Deputy Prime Minister and Finance Minister Tharman Shanmugaratnam said yesterday that the move is "in line with our social objective of avoiding excessive consumption or indulgence in these areas".

The tax hikes on alcohol come amid plans by the Government to to curb public nuisance caused by drinking. It is considering a ban on the consumption of alcohol in common areas such as void decks and parks, and reducing the number of hours shops can sell liquor.

Studies have also shown that a sizeable proportion of young people binge drink. The 2010 National Health Survey found that 1 per cent of Singaporeans aged between 18 and 29 drink regularly, but 16 per cent of them binge drink.

Industry players expect the higher cost of drinking will curb excessive drinking to an extent.

Assuming the extra booze levy is passed on to consumers in full, people can expect to pay 20 cents more if they drink a can of beer at the coffee shop, and $1.80 more for a bottle of Chardonnay at a supermarket.

Mr Ernest Goh, owner of cocktail bar Bitters and Love, said his patrons will not feel the pinch from the tax hike overnight. "The crucial thing is to see if suppliers will pass the added cost to us before I relook my costings to ensure the business is sustainable."

Alcohol distributor Moet Hennessy Diageo Singapore said it "respects the role of government in setting alcohol policy and we are currently assessing the impact of the tax increase".

But lawyer Ranjan Indiran, 32, who spends $300 on drinks on weekends, argues that a person with an alcohol problem will not stop drinking just because alcohol is more expensive.

"He will channel more money towards his drinking habit and he and his family will just be worse off," he said.

The hikes on alcohol will net the Government $120 million more a year. Cigarette and tobacco levies will add $70 million and betting, $255 million.





Lifelong health-care subsidies for pioneers
Move honours generation who built nation, with more help for older ones
By Robin Chan, The Straits Times, 22 Feb 2014

WHETHER you are rich or poor, as long as you are in the pioneer generation, you will enjoy benefits in the form of health-care subsidies for the rest of your life.

That is because the goal is to honour the whole generation, Deputy Prime Minister Tharman Shanmugaratnam said yesterday as he announced a $9 billion package to lower their health-care costs.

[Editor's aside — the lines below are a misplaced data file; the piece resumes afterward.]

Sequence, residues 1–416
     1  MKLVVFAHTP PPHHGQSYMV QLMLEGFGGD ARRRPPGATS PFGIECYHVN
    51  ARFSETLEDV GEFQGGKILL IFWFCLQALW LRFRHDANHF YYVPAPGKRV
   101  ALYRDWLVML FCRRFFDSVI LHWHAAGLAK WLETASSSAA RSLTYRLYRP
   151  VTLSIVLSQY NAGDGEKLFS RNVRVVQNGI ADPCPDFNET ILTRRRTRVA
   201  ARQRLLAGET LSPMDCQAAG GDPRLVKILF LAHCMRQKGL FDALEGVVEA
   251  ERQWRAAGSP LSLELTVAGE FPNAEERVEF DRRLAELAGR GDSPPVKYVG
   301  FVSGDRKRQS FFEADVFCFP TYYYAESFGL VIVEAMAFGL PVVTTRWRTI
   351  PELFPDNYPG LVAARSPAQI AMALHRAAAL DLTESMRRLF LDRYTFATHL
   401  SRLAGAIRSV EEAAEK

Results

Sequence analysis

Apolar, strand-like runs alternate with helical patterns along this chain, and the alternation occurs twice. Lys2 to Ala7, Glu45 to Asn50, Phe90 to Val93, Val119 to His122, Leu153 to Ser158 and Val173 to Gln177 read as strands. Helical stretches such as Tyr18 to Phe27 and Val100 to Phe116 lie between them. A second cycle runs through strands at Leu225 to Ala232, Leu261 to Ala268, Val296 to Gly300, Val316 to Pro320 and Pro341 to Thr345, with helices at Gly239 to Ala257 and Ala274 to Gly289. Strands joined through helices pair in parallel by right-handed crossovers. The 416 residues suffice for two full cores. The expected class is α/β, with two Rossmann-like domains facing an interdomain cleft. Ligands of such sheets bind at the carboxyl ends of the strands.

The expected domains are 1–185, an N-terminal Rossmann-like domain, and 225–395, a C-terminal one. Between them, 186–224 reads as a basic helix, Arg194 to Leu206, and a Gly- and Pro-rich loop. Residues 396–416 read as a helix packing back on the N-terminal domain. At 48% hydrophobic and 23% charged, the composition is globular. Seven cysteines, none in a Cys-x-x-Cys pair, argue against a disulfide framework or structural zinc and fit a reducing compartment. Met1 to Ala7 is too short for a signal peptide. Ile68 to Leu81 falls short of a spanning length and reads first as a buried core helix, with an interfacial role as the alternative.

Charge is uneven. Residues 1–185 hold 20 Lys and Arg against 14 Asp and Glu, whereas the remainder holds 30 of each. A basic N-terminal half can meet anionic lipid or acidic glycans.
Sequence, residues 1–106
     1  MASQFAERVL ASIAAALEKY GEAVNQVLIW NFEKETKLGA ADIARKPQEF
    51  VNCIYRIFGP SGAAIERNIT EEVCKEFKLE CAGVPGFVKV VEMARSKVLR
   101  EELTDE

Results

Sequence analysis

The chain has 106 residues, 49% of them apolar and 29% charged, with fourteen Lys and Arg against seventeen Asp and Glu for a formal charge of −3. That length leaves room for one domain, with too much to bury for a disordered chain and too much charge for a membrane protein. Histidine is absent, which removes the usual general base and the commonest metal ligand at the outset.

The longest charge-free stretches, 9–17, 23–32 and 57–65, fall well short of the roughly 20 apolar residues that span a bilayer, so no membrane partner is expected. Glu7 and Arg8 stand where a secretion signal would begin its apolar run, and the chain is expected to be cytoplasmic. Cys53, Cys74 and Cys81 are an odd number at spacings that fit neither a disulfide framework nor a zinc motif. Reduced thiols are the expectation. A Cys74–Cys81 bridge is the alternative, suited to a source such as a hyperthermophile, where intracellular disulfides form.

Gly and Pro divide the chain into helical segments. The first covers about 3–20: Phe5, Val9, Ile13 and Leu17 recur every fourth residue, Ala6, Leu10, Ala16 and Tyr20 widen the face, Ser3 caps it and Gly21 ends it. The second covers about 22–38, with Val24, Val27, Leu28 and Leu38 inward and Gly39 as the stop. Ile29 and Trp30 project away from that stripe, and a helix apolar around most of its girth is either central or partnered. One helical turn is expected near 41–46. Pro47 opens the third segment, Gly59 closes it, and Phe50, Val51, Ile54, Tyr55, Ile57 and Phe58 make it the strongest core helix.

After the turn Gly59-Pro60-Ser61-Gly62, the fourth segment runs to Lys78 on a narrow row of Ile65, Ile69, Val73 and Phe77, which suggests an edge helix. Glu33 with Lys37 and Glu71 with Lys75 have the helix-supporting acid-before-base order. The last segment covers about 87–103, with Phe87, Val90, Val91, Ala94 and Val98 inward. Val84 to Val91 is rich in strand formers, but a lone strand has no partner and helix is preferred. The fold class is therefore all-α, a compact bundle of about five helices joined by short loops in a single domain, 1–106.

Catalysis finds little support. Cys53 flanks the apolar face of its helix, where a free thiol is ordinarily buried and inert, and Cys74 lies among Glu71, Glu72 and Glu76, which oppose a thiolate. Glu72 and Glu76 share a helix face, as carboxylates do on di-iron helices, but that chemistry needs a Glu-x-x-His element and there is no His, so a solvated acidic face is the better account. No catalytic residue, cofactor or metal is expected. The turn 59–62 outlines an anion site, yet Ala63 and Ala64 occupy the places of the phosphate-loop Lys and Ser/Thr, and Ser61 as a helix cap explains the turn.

"As the Prime Minister has stated, we are honouring this unique generation of Singaporeans who built up the country, although no package can fully reflect the contributions that our pioneers have made," Mr Tharman, who is also Finance Minister, said in his Budget speech.

Older pioneers will get more help than younger ones. That is because more of the very old are likely to be burdened by medical costs, as the Medisave scheme to help workers save for health-care needs came about only in 1984.

The Pioneer Generation is defined as Singaporeans aged 65 and above this year, and who became citizens before 1987 if they were not born here.

Acknowledging that the definition was "very precise", Mr Tharman said an appeals panel will be set up to assess the eligibility of those who marginally miss out.

Prime Minister Lee Hsien Loong first mentioned in his National Day Rally speech last year the Government's plan to come up with a package to honour members of this generation for helping to lay the foundations of modern Singapore.

Yesterday, Mr Tharman gave details of the three key components of the package: subsidies for outpatient care, Medisave top-ups, and MediShield Life subsidies. The benefits will start as early as August this year.

For outpatient care, pioneers will enjoy subsidies of 75 per cent to 85 per cent at specialist outpatient clinics (SOCs).

That will be of help to those with chronic conditions like diabetes or high blood pressure.

All pioneers will also be put on the Community Health Assist Scheme (CHAS), which gives them subsidies for treatment at general practitioners. Those already on CHAS, meaning they are low- or middle-income, will get additional subsidies, similar to those for SOCs and polyclinics.

The new enhanced outpatient treatment subsidies for pioneers will be built on top of current subsidies, which are tiered according to income.

There is also a new disability assistance scheme for pioneers, or their nominated caregivers.

It is for those with moderate to severe disabilities and they will receive $1,200 in cash each year for life. To qualify, pioneers must need help with at least three out of six activities of daily living, such as washing, dressing or feeding themselves.

As for Medisave top-ups, pioneers will get annual top-ups of between $200 and $800 depending on their age.

They and other seniors will also be able to use their Medisave funds more flexibly.

The final big piece of the package are MediShield Life subsidies, which will help pioneers pay for the new national medical insurance to be implemented next year.

Many of the Pioneer Generation currently do not have MediShield, especially the older ones, noted Mr Tharman.

With this package, pioneers will have 40 per cent to 60 per cent of their MediShield Life premiums subsidised, depending again on their age.

That means someone who is 65 today and lives to age 85, will only need to pay half of the total premiums over a lifetime.

While the new level of premiums will likely go up and is still under review, Mr Tharman said the Government's intention is clear.

"For Pioneer Generation members aged 80 and above in 2014, we intend to fully cover their premiums through a combination of premium subsidies and Medisave top-ups," he said.

And a pioneer who is 70 this year will only need to pay about half of the current premiums for the rest of his life, if he is already on MediShield, he added.

As for those not on MediShield, they will still pay less in premiums under the new insurance scheme after the top-ups and subsidies.